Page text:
The selected student will be a full-time Arctic & Northern Studies M.A. student pursuing either the Northern History or Individualized Concentration. The student will complete the required coursework, comprehensive exams, and project focusing on providing a historical narrative on the Copper Valley School. Throughout the two-year degree, the student will be on an assistantship that will provide tuition, health insurance, and a monthly stipend during the academic year.

All applicants to the M.A. in Arctic & Northern Studies must have a cumulative undergraduate GPA and an undergraduate major GPA of 3.0 or higher. Only one student will be selected for this specific funding opportunity. For more information about the M.A. program, visit: https://www.uaf.edu/arctic/

About the Copper Valley School:

The Copper Valley School was a Catholic boarding school located near Glennallen, Alaska. In 1956, it accepted its first students – orphans from Holy Cross. It was open for fifteen years, growing to serve more than 200 students annually from diverse backgrounds and nationalities, both Catholics and non- Catholics, and Natives and non-Natives. Although the school has been long closed, several alumni meet annually in August for a school reunion. For more information about the school, visit: http://coppervalleyschool.org/.

Contact:

If interested in this opportunity, please contact Dr. Brandon Boylan, Co-Director, Arctic & Northern Studies, at bmboylan@alaska.edu





Covid-19 – Two year Unfinished Project #1 Completed: F/V Age of Reason

Date Posted: April 10, 2020       Categories: 49 History

By Kathy Peavey, Craig Alaska

Mary Ida Henrikson of Ketchikan gifted an original painting by former Craig resident and author, Ballard Hadman, to the Craig Public Library. The painting by Ballard was gifted to former Thorne Bay and Ketchikan author and her friend, Margaret Bell (niece of City of Craig founder, Craig Miller). It was Margaret who gave the painting to Mary. When Mary was in Craig in 2018 promoting her new book The Mystery of the Fire Trees of Southeast Alaska, she brought the painting with her from Ketchikan and gave it to the Craig Public Library. Mary mentioned that there is the Ketchikan Pond Reef Road legend surrounding the name on the boat. Some speculate that perhaps Ballard didn’t finish the painting. Henrikson mentions that Margaret Bell told her when Ballard was with Margaret one evening the two were having a glass of wine or a martini and it is said that the name was painted on when they were visiting and possibly under the influence of their drink. Regardless of when the name was put on, it’s exciting that the boat influenced Ballard as much as it did. Ballard writes in her book, As the Sailor Loves the Sea:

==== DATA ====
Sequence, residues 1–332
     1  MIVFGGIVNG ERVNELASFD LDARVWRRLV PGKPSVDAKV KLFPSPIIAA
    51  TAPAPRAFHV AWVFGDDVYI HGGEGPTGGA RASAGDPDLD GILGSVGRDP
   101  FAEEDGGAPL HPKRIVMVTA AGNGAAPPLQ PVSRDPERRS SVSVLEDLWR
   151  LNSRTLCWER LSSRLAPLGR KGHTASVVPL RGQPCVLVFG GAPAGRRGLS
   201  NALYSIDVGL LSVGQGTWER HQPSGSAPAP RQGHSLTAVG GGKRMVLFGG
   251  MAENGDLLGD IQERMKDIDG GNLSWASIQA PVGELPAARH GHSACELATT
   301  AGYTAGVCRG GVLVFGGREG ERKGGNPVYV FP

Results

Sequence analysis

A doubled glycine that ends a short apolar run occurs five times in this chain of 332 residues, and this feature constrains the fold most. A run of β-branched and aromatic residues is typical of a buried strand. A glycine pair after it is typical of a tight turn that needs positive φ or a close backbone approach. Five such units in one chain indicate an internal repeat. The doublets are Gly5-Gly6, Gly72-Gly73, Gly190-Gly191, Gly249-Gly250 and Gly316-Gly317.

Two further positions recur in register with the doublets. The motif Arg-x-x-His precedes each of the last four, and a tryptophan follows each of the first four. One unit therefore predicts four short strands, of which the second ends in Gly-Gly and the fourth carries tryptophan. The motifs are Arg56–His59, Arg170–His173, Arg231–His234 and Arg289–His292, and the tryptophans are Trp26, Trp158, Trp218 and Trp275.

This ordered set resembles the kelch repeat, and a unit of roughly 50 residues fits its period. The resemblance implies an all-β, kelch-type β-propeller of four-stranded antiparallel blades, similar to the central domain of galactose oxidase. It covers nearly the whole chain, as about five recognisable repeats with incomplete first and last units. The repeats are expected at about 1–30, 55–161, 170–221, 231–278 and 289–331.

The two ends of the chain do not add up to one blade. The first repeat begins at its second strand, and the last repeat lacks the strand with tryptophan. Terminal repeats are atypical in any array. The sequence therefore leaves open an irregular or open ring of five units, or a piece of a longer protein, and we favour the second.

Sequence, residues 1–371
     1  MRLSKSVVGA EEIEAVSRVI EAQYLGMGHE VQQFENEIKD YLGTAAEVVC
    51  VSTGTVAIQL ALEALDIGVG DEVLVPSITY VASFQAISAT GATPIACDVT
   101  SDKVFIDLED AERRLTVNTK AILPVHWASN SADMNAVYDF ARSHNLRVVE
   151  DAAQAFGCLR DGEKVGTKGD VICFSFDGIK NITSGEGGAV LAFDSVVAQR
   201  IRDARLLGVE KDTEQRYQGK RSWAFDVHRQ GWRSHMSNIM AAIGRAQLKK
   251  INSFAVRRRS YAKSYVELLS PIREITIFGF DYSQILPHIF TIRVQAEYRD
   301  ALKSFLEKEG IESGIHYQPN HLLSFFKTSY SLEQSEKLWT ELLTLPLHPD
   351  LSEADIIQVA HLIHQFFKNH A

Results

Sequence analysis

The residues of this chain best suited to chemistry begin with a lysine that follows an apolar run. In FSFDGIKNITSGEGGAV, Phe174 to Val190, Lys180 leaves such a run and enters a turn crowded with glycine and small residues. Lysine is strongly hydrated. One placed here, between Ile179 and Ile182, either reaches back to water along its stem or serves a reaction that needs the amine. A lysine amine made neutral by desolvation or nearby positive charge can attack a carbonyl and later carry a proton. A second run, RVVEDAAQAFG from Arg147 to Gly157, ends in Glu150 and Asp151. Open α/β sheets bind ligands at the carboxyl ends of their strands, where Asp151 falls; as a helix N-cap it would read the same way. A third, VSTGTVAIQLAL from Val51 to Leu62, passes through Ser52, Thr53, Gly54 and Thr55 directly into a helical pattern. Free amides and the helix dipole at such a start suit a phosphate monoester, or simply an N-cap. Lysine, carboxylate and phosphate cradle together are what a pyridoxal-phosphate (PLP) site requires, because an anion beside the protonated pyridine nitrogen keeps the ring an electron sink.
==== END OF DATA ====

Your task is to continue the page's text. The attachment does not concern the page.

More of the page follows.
My first sight of Fishermen’s Cove gave me a painting, which is peculiarly difficult to put into words but ready-made for canvas. At the head of the cove, heeled over with her forefoot to the beach, abandoned to the endless tide, derelict and rotten, lay what had once been a brave hull. Along her bows in fanciful lettering was her provocative name, the Age of Reason. To be sure, it gave me deep pleasure to find the Age of Reason rotting on the beach.

Someday when you are out of isolation, the painting can be seen  at the Craig Public Library. It hangs to the left of the librarian desk.

Ballard Hadman a resident of Craig and Ketchikan was born Virginia Diana Ballard in 1908 in Laramie, Wyoming. She attended Corcoran Institute of Art in Washington D.C. and the Winold Reiss School of Art in New York City. Ballard arrived in Craig, Alaska in 1937, following her mother, Mimi, to come work with her brothers, John and Charles, on their fishing boat the F/V Diana. It wasn’t long until Ballard put out her memoirs in the Craig town favorite, As The Sailor Loves the Sea. When Ballard arrived in Craig she wrote:

I should always like to land in a strange port on a strange island in the dark; the impact of the morning is so fresh, so wholly new. From the top of the highest hill on the island, where a long bed of iris stood tall and proud, I first saw the polished blue sweep of Big Harbor, the warm deep green of Saint John’s Island with its own infant island, Little Saint John, tucked close to its shoulder.

After arriving in Craig on the steam ship Cordova, Hadman made her way to the fish packer the F/V Lawrence P and caught a ride out to “Hole in the Wall.” Once there, Hadman met up with her brothers who unloaded her onto the beach and set her up in a rustic cabin until they went out fishing. (Remnants of the cabin can be seen on the northern end of San Lorenzo island.)